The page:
He may have identified a set of mis-measurements (well done) but that doesn’t invalidate the IPCC’s research to any significant extent.

    You need to read a lot more of this site. This recent temperature mis-measurement is very small beer besides what else you will find here.
    Incidentally, you should be aware that Steve is the guy who showed that the hockey stick was rubbish, thereby invalidating the poster child of the IPCC’s third report. Read the site. It’s all here.

    He certainly isn’t motivated by science, because he hasn’t done any (stats yes, but not science).

    You need to pay more attention to the work presented by the AGW crowd. You will perhaps be surprised by how much of it is statistics. Certainly, there is not an awful lot of science in terms of hypothesis, falsifiable prediction, reproducible experiment, etc.

    McIntyre may well be restrained, but so too are the IPCC.

    A matter of opinion. Certainly, their press officers are not.

    The part of the latest report which explores the extent of sea level rise does NOT include any contribution from either Greenland or Antarctica. The reason is that the glaciology of those areas is too complex to model,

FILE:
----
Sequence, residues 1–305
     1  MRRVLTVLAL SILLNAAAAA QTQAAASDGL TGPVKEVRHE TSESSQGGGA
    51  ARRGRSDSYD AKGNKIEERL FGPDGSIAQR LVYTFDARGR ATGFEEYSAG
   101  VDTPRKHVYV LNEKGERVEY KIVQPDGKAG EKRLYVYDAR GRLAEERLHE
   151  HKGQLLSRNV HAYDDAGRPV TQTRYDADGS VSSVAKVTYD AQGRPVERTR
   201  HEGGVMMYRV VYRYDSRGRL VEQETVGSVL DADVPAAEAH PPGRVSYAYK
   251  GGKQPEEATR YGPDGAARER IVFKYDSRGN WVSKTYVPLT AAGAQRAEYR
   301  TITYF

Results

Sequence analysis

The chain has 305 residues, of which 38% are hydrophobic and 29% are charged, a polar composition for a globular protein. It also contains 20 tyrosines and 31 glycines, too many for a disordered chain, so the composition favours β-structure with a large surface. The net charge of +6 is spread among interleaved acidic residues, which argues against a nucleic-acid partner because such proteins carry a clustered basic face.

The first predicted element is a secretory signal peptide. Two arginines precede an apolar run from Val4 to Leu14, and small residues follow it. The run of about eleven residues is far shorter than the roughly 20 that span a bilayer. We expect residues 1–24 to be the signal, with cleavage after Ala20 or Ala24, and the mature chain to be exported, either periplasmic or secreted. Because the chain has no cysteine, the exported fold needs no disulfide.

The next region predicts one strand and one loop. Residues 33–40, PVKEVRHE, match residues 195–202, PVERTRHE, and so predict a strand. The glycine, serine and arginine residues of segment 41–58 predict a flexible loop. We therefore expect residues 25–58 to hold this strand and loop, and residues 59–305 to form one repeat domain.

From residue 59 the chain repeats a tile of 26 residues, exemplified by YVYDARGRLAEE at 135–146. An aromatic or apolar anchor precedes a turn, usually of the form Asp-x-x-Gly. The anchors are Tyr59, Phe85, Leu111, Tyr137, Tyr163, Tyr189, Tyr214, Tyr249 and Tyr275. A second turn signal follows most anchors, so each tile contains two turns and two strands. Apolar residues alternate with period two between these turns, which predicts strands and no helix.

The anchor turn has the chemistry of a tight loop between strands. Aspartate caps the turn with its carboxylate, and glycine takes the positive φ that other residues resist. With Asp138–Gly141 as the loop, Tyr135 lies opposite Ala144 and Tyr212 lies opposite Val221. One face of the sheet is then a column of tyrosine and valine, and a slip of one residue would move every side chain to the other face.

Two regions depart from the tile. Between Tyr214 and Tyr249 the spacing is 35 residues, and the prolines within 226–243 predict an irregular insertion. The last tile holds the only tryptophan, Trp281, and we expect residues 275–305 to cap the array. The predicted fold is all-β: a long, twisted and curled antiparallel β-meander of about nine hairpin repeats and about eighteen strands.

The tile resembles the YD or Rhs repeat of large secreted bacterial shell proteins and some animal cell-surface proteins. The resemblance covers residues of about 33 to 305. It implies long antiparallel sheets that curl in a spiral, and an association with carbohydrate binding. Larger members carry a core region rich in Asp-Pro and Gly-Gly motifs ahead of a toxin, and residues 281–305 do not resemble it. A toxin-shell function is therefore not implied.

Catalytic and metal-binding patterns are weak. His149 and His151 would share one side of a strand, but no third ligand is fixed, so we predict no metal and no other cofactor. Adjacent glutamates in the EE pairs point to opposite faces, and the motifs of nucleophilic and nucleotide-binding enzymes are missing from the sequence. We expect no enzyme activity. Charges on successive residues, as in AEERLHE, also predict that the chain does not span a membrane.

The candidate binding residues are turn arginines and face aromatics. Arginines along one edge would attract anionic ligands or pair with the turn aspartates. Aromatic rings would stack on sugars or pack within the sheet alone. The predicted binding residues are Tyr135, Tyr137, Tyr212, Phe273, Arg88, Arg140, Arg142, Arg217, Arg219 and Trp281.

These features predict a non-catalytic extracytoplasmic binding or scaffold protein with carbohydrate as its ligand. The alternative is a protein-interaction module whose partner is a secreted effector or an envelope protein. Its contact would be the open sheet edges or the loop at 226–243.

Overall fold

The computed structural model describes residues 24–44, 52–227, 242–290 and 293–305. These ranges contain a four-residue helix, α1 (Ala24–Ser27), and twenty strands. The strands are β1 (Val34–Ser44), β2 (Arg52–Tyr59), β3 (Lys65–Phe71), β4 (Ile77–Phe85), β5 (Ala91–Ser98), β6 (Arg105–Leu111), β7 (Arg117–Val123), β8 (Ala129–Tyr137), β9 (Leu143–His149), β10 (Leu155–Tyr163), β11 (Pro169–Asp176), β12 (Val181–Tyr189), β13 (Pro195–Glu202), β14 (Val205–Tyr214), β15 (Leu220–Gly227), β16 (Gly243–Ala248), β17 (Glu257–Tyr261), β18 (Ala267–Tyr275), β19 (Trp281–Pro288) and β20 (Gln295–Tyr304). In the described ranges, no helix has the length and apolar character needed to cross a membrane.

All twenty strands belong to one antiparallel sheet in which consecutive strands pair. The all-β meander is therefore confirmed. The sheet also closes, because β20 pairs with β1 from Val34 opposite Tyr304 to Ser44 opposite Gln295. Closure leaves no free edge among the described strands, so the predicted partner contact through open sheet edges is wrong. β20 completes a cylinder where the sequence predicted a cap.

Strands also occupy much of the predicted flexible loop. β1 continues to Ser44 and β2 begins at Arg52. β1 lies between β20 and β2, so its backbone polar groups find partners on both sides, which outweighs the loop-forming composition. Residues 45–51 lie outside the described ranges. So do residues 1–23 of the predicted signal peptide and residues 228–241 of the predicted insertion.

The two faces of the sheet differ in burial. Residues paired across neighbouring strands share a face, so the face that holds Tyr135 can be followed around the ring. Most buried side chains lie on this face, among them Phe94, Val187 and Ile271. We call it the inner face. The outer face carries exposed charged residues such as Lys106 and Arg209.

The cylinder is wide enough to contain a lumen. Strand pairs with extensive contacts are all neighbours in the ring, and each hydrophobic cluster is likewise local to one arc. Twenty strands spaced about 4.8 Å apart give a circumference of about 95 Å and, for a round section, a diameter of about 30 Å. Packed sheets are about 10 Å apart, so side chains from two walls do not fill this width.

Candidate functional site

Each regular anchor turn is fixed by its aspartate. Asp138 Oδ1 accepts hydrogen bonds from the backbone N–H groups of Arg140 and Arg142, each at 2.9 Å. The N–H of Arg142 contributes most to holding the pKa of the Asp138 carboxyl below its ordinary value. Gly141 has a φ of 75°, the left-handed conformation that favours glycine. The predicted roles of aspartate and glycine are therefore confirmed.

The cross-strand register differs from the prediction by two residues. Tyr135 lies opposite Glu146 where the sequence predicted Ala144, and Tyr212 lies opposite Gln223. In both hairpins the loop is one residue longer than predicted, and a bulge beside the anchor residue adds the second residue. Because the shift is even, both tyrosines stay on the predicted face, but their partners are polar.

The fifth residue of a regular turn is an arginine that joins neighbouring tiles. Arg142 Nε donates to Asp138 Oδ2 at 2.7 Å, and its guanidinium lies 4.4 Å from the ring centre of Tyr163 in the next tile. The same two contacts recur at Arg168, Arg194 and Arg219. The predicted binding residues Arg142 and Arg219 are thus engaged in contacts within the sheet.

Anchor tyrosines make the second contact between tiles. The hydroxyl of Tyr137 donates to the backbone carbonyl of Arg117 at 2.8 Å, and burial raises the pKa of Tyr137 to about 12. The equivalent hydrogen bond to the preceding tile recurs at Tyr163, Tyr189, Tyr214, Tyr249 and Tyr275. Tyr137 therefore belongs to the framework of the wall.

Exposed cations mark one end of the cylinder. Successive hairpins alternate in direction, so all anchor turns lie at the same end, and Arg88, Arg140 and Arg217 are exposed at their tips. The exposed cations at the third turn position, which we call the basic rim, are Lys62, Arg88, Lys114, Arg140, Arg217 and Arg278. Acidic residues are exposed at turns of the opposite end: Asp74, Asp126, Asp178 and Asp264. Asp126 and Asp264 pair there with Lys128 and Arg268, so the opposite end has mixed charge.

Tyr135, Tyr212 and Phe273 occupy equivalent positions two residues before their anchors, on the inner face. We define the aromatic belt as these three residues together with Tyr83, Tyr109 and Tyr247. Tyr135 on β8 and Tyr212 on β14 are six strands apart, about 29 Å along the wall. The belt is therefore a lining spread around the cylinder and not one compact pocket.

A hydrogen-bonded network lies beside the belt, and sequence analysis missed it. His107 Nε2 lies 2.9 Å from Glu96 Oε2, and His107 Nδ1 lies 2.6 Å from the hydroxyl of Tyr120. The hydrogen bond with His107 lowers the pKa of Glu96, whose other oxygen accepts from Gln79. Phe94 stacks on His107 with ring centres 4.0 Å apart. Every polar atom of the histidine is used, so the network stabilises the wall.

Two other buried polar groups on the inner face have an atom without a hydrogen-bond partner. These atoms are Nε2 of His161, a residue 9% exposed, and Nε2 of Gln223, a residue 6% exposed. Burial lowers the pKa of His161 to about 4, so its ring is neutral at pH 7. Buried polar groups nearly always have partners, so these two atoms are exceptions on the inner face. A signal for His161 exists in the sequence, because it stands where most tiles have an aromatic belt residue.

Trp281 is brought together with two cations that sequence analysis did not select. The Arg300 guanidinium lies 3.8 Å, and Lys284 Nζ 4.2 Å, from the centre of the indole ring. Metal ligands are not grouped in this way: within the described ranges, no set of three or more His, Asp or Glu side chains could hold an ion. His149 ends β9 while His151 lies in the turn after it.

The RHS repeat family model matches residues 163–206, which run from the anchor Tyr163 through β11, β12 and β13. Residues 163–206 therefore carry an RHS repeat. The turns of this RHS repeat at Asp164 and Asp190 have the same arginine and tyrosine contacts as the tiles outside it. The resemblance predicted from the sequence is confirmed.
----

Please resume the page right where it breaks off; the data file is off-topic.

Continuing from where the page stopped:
In other words, they haven’t a clue. So why do you refer to Greenland melting as “a real possibility”

    But you don’t need to be a climatologist to realise that Greenland will have an effect, even if that effect cannot immediately be quantified.

    Greenland would have an effect if the whole ice sheet melted. But why sould I believe this is any more likely than an invasion from Mars ?

    Enough blather from me. Bill, you have chosen to believe the side with the biggest PR machine. You really need to read more than RealClimate and come to a judgement based on the science.

  42. fFreddy
    Posted Aug 17, 2007 at 8:09 AM | Permalink | Reply

    Re #39, Bill Tarver

    Just too many nails got hammered into my coffin of denial. I originally thought that the sun was mostly responsible, but then new research showed that it couldn’t contribute more than about 30% to the observed warming.

    That report, and the RealClimate meme-thingummy about nails in the coffin of denial is a lot more recent than 15 months ago.

  43. A Camp
    Posted Aug 17, 2007 at 8:41 AM | Permalink | Reply

    I originally thought that the sun was mostly responsible, but then new research showed that it couldn’t contribute more than about 30% to the observed warming.

    From whence the other 70%?

  44. Bill Tarver
    Posted Aug 17, 2007 at 9:00 AM | Permalink | Reply